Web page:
Although the draft Bill does not mandate the use of BIM, landlords would be well-advised to start how they need to go on; holding all essential building information in a digitally accessible format.
All higher-risk buildings must be registered with the Regulator and obtain building assurance certificates before legal occupation can occur. It is expected that there will be a phased transition process for existing buildings that are already in-occupation to allow time for retrospective adjustment to a more stringent regulatory regime.
Regulator approval for new-build, higher-risk buildings will precede occupation, with landlords requiring approval at the following three gateway stages:
- planning permission;
- pre-construction; and
Failure to obtain requisite approval will prevent the project progressing to the next gateway, and will result in increased time and project costs.
Upon occupation the landlord will become the "accountable person", and will have overall responsibility for ensuring their higher-risk building conforms to the stricter regime. It cannot contract out of this role, but must appoint a suitably competent "building safety manager", who will be responsible for extensive day-to-day management services, including:
- ensuring ongoing fire and structural safety in and around the building; and
- pro-actively engaging with residents.
Residents do not escape accountability either. The proposal of implied terms into long leases and new resident duties will oblige residents to do their bit to uphold building safety. The draft Bill also allows landlords to pass down permissible building safety costs to residents as "building safety charges", although not without controversy.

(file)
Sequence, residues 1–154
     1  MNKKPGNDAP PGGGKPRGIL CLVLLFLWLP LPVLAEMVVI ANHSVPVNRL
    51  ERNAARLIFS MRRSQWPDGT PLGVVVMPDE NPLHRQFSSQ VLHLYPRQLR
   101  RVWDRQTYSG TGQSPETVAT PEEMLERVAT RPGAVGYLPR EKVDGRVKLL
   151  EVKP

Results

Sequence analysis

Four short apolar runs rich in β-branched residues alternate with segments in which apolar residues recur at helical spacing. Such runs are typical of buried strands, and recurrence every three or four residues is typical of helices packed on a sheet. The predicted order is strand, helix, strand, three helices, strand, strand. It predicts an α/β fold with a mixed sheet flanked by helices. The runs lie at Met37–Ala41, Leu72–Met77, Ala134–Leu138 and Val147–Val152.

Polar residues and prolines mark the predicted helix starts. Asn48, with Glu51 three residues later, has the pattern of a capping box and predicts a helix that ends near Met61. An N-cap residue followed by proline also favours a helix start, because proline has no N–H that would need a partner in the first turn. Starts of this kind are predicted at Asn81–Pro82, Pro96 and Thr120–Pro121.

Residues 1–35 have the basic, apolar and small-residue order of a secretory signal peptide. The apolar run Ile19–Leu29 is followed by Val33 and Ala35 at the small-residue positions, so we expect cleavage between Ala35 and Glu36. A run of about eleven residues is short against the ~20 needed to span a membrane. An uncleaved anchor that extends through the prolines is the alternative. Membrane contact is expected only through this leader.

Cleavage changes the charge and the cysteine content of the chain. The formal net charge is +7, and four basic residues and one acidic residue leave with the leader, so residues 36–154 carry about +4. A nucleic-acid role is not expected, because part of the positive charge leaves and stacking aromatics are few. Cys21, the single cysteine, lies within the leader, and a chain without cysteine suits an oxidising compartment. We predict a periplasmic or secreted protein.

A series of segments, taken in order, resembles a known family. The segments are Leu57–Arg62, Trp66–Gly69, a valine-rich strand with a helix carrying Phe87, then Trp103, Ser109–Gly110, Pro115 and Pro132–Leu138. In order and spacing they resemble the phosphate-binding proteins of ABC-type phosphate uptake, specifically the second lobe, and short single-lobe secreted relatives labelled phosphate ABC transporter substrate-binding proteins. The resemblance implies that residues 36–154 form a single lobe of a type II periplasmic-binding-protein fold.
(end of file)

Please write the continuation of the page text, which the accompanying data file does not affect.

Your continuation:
Delegating roles of heightened accountability to designers, contractors and managers – by appointing third parties with suitable skills and insurance at affordable costs – may prove difficult, particularly given the range of potential criminal and financial sanctions for non-compliance.
The sanctions set out in the draft Bill should come as no surprise. Dame Judith Hackitt warned of the need for significant sanctions to deter non-compliance and encourage recalcitrant landlords to be more pro-active in increasing safety in their higher-risk buildings.
Sanctions for non-compliance by those working in and on higher-risk buildings will vary from potentially unlimited fines to 2 years' imprisonment, depending upon the breach, and by whom it was committed.
Predicating the scale of enforcement in practice is still some way off. The draft Bill will now be heavily scrutinised before passing through parliament and becoming law. Significant secondary legislation is also required, which will attract similar consultation and scrutiny.
In the meantime, landlords should resist any temptation to delay compliance, and remember Dame Judith Hackitt's clarion call to "get on with it", in order to avoid bigger hurdles and greater cost further down the line.